I grew up in one of the oldest neighborhoods of Spokane, Washington. For my family, it was a compelling community that also had a river, and glorious sunsets over that river’s steep banks, and just a two-mile walk to the downtown library. For the rest of the city, it was Felony Flats. Perhaps there was cause for that neighborhood nickname, but it doesn’t match my memories of the place.
I rode the city bus to high school. There was a stop right out the door of our kitchen, which encouraged a sort of casual approach to arriving there on time. I was a friendly kid, and nearly all the bus drivers were friendly enough to toot the horn right before they made the turn to my house, which saved me nine mornings out of ten. On the tenth, I had to run like mad to catch the bus seven blocks up, when it doubled back from its U-shaped route.
I liked to sit up front on the bus, close to the driver and the horizontal rows reserved for people who needed some consideration, and I had a lot of friends in that part of the bus, none of whom was a kid and none of whom had ever caught a bus to go to a private Catholic school. In those NIMBY days, every halfway house in the city was located in my neighborhood, and my 2 North A bus was a college education on wheels.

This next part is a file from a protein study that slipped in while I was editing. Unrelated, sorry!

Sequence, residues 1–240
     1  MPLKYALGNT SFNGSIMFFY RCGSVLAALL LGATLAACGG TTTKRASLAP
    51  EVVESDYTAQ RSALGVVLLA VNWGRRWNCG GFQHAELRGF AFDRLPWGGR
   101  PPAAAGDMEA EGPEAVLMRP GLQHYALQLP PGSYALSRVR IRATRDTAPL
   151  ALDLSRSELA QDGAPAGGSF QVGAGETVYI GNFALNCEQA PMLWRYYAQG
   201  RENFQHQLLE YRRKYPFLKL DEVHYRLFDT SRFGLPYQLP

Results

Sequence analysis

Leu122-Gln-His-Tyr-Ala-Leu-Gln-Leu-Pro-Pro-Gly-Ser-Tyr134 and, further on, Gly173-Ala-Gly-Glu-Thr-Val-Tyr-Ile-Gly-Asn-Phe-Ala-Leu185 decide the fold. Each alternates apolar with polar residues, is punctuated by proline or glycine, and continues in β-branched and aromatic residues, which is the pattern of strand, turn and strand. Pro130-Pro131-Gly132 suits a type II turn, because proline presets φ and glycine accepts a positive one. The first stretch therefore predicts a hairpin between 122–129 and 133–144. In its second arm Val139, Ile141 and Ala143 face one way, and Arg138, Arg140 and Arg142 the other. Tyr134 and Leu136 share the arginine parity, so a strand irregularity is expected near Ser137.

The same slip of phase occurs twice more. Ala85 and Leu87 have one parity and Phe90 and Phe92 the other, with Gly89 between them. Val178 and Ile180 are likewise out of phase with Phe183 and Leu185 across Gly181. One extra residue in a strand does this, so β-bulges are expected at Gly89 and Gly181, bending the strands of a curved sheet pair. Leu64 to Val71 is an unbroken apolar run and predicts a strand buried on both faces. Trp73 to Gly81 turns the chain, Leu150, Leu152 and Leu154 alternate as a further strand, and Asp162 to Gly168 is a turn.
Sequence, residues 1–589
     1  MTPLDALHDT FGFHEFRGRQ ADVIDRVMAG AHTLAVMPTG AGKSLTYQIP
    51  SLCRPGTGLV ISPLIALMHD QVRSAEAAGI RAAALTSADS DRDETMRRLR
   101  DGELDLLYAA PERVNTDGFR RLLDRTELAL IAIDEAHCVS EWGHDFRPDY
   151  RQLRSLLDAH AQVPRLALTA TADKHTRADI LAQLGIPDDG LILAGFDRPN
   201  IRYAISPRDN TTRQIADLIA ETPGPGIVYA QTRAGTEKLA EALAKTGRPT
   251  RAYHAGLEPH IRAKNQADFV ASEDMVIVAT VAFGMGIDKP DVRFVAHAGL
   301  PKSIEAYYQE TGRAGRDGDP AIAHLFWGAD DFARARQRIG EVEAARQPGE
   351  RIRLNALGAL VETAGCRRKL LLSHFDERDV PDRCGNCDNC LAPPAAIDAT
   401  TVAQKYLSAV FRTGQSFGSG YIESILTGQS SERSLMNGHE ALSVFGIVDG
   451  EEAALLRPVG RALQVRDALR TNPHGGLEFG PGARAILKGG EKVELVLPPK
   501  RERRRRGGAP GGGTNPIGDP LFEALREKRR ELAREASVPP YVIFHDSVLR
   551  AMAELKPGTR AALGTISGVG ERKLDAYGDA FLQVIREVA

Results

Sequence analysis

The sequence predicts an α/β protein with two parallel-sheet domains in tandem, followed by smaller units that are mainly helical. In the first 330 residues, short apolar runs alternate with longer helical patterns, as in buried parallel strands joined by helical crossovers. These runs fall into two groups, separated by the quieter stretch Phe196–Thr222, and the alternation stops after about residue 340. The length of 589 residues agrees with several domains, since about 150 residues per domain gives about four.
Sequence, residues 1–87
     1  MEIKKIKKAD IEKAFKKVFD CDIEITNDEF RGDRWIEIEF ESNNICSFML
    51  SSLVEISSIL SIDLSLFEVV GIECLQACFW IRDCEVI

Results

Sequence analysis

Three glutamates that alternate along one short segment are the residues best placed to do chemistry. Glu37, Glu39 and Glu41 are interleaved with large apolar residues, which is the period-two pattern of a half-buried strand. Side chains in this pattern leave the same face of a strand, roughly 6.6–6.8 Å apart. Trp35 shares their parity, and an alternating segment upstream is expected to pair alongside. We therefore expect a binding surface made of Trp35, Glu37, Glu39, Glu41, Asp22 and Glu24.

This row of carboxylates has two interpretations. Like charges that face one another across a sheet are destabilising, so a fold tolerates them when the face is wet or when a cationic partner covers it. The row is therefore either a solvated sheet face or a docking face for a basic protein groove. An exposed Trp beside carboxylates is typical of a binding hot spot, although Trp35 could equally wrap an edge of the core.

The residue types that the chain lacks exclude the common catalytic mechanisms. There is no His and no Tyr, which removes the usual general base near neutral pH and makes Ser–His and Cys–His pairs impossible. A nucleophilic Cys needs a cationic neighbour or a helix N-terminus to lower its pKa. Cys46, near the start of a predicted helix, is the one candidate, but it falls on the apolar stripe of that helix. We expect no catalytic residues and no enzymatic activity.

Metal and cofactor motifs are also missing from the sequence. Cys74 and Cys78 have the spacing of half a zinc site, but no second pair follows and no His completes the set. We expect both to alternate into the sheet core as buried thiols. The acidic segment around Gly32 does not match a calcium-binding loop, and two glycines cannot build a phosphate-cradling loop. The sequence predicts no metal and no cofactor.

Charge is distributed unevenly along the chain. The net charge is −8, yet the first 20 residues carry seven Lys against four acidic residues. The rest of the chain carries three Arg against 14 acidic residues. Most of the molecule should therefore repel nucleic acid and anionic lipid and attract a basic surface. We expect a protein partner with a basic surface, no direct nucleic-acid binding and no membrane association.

I don’t remember putting particular labels to my friends on the bus, though those labels pop into mind now: a reverse-time categorization. Oh, so that’s who she was. So that’s what he did. Back then, I didn’t notice their bodies or their clothes: the missing teeth, the tattoos, the slippers instead of shoes, the lisped voices, the odd tics and unusual shakes. It’s only looking back, seeing them from the perspective of a different life, that these traits reveal themselves.
The bus driver’s contract allowed him a four-minute break on a certain block each morning. For years, he would give me a quarter, and I would hop off the bus at a donut shop so that I could buy him a cup of coffee and run back before his break ended. On special days, my ragtag collection of bus friends and I would pool our change to buy donuts, and then we would break however many I could get into an even number of crumbly, powdery pieces, and eat them all the way to my stop.
Every morning, I set off to school with a chorus of voices – some rough, many accented – wishing me goodbye, and telling me to hurry, and calling out that we would see each other tomorrow. I wasn’t a cool kid, but I think I was a lucky one.